Marco Island History Museum opens to public

Christine Harrison Special To The Eagle
Marco Island History Museum volunteer Edward Miracco, left, and boardmembers Carol Wood, Kathy Miracco, Dottie Henderson, Alan Sandlin, standing by an informational placard for the Carlton Ward Exhibit, at the museum's opening Monday, June 21, 2010, at 180 Heathwood Drive. Ward will speak in the museum's Rose Historical Auditorium at 7 p.m., Wednesday.

Christine Harrison Special To The Eagle Marco Island History Museum volunteer Edward Miracco, left, and boardmembers Carol Wood, Kathy Miracco, Dottie Henderson, Alan Sandlin, standing by an informational placard for the Carlton Ward Exhibit, at the museum's opening Monday, June 21, 2010, at 180 Heathwood Drive. Ward will speak in the museum's Rose Historical Auditorium at 7 p.m., Wednesday.

Visitors meandered through the Pioneer Room, Calusa Room and Modern Marco Room of the new Marco Island History Museum, 180 Heathwood Drive, speaking in hushed voices as they gazed in awe at world-class exhibits on view in buildings so beautiful, they are themselves part of Marco Island’s story.

Work by Carlton Ward, an eighth generation Floridian from a pioneering, ranching family, is on display at the museum.

“This is an outstanding exhibit, that we have an opportunity to see before anyone else, before it travels across the country, from here,” said museum boardmember Alan Sandlin. “It’s a world-class exhibit, that starts right here on Marco Island.”

Ward will speak in the museum’s Rose History Auditorium at 7 p.m., Wednesday, to commemorate the museum’s opening. The event is free, and open to the public.

“It’s so macho, yet tender and soft,” said museum docent Jack Dickson, of Marco Island, referring to a photograph of a cowboy holding a calf, that is part of the exhibit currently on display.

“That’s the headwaters of Fisheating Creek,” said Jackson, gesturing toward another image, showing cows being herded through water.

“When I was a kid, we used to camp along the shores of this river, and these are the things we saw. We used to chase the cows when we were kids, because that’s what kids did.”

Sandlin, who served as director of the Building Committee and Contract Administrator during the museum’s construction, said the museum is a wonderful addition to the area.

“It’s been a two-year building project, from beginning to end. When you consider that we have 15,000 square feet here, that’s not too bad,” said Sandlin.

“The great thing about it, is that the entire Island was involved; thousands of people gave their time and resources, so that we could preserve the history of the Calusa, who created a huge society here, 2,500 years before anyone else did. We have the first civilized community in North America.”

A commanding, giant bronze sculpture of the Key Marco Cat, created by Naples artist Carl Wagner, and donated by Emil and Gail Fischer of Marco Island, is visible from all directions at the entrance to the museum, where a beautiful, larger-than-life tile mural depicting Calusa Indians in daily life, by Naples artist Paul Arsenault, is permanently displayed on the exterior wall. A picturesque estuary, complete with Pickerel Weed, Bald Cypress trees, black lagoon with a replica of a Calusa Weir Dam, and everything found naturally in the Everglades, surrounds the museum.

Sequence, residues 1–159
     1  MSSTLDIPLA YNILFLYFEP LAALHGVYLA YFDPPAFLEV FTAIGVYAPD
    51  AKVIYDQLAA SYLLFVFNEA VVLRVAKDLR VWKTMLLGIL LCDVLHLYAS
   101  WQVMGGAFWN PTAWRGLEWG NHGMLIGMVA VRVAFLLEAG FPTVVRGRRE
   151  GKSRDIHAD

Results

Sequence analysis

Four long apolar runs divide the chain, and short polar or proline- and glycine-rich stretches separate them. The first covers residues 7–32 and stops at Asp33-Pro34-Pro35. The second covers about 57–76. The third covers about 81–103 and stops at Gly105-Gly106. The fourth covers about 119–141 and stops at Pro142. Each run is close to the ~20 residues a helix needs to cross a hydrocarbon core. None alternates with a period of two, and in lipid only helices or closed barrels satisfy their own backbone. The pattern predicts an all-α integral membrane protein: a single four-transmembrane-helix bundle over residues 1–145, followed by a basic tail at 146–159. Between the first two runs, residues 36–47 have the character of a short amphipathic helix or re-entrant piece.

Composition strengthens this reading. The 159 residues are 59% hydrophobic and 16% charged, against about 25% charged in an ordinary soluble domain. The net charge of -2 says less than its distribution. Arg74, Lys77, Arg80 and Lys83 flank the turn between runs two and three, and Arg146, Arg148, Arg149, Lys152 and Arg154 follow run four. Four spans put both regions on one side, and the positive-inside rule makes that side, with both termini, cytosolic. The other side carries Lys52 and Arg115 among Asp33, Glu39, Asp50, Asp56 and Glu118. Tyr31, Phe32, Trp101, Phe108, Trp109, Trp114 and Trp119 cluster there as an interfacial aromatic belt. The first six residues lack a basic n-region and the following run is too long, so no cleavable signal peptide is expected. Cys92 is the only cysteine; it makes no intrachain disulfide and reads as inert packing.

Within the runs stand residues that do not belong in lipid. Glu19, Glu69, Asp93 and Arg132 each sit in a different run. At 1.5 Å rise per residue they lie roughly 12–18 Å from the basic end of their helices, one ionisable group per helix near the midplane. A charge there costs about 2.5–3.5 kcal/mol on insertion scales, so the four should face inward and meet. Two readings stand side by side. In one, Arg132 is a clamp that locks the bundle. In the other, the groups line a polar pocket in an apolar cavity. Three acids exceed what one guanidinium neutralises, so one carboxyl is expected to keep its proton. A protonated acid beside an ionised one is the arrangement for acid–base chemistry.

“Shells are ground into the stucco on all outside walls, and even the sidewalks, so they don’t just look like concrete surfaces,” said Sandlin.

“There’s a Calusa pond, with a natural Weir Dam, where they caught fish. It’s blackwater, like you would find in any of the Everglade rivers, because the tanic acid from palm trees colors the water.

“Everything, every tree, every plant, even the coral rock and shell, is native to this area,” said Sandlin. “All wood is Florida Mahogany. The wood guiderails are made by hand. The bridge to the gazebo, when finished, will be rope netting, like bridges built by the Calusa. There are no aluminum railings on this property.

“We started to build this complex with about $700,000.00, which wasn’t enough to finish the project. Jon Laidig thought so much of the museum, he put $1,500,000 of his own money into it. So, the whole museum complex that we see now is named after Jon Laidig. But, he wanted it to be called the Marco Island Historical Museum. That’s the kind of person he is.”

Jon and Sonya Laidig are longtime members of the Marco Island Historical Society, and Historical Museum Boardmembers.

Richard and Joyce Reynolds, of Marco Island, were among the first visitors to the museum. “It’s just so beautiful,” said Reynolds. “This is wonderful for the community, and the Rose Auditorium will be a great place for parties.”

The Historical Museum’s Rose Auditorium has a kitchen for catering, and will be available for private events.

Marco Island residents can play a role in the Historical Museum’s opening, by purchasing one of the 720 solar tiles that make up the largest original art ceramic tile exterior mural in North America, and will last 100 years without fading. The mural is based on the extraordinary original artwork of Paul Arsenault, and depicts a Calusa Indian Village scene.

Each tile is $100. Proceeds go directly to the Marco Island Historical Museum Fund. All designated names will be placed on a plaque next to the mural, to acknowledge donations.

“One look at the beautiful surroundings and Paul Arsenault mural, and you realize, the Calusa people came to Marco Island for the same reasons we did,” said Sandlin. “Like we do today, they lived a wonderful life here.”

To find out more about the Marco Island Historical Museum, make a donation, or volunteer, contact the Marco Island Historical Society at P.O. Box 2282, Marco Island, 34146. The Society meets the first Tuesday of each month at 7 p.m. at Mackle Park.

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